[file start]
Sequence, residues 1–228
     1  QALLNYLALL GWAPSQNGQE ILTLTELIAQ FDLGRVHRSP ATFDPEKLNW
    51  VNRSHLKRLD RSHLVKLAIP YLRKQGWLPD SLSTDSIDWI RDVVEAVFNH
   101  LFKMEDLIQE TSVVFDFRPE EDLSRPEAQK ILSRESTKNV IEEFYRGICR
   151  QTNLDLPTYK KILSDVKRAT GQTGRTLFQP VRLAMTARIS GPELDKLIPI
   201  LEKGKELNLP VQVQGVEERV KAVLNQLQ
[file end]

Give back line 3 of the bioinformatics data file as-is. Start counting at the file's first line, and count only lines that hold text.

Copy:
    51  VNRSHLKRLD RSHLVKLAIP YLRKQGWLPD SLSTDSIDWI RDVVEAVFNH